W3C home > Mailing lists > Public > public-credentials@w3.org > February 2020

Re: Today's presentation on Credentials v Capabilities

From: Daniel Hardman <daniel.hardman@evernym.com>
Date: Tue, 18 Feb 2020 16:58:04 -0700
Message-ID: <CAFBYrUo3QVoGwZMKbXJvNKTFdKBWdQ=z=vxa2QArnY0OnGftRA@mail.gmail.com>
To: Joe Andrieu <joe@legreq.com>
Cc: Credentials Community Group <public-credentials@w3.org>
>
> Can you provide an example? Even better if you start with a VC, issued by
> Joe, that claims "The sky is blue". We'll call this VC X.


There are very detailed examples and diagrams in the RFC I linked.
Interestingly, the most elaborated example is one you also used, about
delegation of a car key with a valet.


> So how does anyone know which VCs are delegatable? Further, how does
> anyone know the boundaries of that delegation, that is, the range of
> verifiers for whom such delegation is appropriate? Just because I give my
> child a VC saying they can use my credit card to buy milk at Ralph's
> doesn't mean that the cashier at LiquorMart will honor that constraint.
> Heck, all they need is the credit card # and a willing cashier. More
> importantly, will the credit card companies recognize that delegation as
> legitimate? What if they accept the first one (because "Milk from Ralph's"
> is fairly well defined) but they reject the second one? More likely,
> because the LiquorMart POS almost certainly doesn't require a VC of any
> particular type, the cashier will probably just make the sale. In contrast,
> the same use case using zCaps would originate at the credit card company
> and invoking it at either the LiquorMart or Ralph's would definitively
> validate the purchase according to the delegation framework as defined by
> the credit card company... and the retailer would immediately know whether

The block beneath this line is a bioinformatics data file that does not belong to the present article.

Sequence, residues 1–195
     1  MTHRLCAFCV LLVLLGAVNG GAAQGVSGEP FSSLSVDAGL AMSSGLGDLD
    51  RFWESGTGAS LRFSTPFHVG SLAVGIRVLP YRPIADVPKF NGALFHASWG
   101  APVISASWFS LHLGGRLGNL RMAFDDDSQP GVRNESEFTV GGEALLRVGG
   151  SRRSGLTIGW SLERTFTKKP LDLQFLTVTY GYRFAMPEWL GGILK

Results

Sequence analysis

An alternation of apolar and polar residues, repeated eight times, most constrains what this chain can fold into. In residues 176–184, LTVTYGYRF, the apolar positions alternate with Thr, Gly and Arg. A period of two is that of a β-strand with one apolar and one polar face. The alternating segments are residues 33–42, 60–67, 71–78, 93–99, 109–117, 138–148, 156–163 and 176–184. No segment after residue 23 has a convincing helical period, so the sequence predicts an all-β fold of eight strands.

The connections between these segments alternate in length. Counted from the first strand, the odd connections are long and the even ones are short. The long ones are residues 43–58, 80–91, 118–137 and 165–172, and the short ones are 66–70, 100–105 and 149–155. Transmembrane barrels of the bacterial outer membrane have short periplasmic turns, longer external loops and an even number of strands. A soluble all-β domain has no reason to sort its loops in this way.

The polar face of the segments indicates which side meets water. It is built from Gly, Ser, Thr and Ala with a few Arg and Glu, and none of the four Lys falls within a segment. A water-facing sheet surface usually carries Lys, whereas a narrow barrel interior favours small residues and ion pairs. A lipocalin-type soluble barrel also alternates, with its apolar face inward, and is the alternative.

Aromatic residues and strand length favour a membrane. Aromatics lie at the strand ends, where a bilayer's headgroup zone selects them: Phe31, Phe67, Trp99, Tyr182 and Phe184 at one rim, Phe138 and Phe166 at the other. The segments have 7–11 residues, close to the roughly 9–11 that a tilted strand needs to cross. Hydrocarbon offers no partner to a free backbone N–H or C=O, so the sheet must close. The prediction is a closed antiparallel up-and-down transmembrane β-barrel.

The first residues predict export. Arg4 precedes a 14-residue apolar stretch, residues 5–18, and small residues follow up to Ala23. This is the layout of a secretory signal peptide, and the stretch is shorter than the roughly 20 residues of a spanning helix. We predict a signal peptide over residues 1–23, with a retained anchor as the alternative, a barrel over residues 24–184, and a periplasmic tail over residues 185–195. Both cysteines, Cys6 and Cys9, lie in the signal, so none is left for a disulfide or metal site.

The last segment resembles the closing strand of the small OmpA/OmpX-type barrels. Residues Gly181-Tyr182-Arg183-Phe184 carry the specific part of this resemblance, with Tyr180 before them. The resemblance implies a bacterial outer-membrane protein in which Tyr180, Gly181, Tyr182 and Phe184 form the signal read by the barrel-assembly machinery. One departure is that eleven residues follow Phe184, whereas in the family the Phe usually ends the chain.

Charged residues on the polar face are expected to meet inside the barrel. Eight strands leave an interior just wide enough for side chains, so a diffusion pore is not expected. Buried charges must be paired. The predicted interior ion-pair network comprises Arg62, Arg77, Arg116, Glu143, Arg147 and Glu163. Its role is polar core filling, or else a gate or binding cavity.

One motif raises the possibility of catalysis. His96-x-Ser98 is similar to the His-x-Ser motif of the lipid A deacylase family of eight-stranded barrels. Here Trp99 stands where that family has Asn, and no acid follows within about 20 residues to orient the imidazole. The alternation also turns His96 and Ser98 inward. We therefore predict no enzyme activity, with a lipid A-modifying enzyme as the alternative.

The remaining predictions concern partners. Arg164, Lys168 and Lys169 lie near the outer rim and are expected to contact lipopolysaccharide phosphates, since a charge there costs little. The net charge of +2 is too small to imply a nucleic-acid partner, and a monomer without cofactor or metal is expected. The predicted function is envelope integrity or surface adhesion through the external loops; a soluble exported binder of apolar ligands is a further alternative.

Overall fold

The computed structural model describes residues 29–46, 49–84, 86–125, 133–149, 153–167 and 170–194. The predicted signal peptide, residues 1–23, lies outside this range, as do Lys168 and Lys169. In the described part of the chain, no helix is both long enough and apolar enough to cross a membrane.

> or not the transaction is valid.
>

I believe the RFC I linked to has moderately good answers to these
questions. It is not a deeply polished doc, though, so there could be gaps.


> zCaps is a particular set of semantically rigorous operations that define,
> without ambiguity, how delegation and invocation proceeds for particular
> actions at a given issuer. I have my doubts about the wisdom of
> shoe-horning custom semantics into the VC structure, which is meant for
> verifying statements by one source at another. Statements across trust
> boundaries and actions within a singular trust context are two very
> different beasts, IMO.
>

You are making the claim that capabilities are inherently about a singular
trust context. I think that's an oversimplification. That's fine. We can
agree to disagree. I may be wrong. If so, I agree that this might be a
reason to explore a new mechanism.


> There are some misconceptions about how zCaps work (verifying a DID
> signature doesn't require phoning home to the DID subject)
>

I think you may be misconstruing something. Did you have the following
sentence in mind when you made that conclusion? I said that the zCaps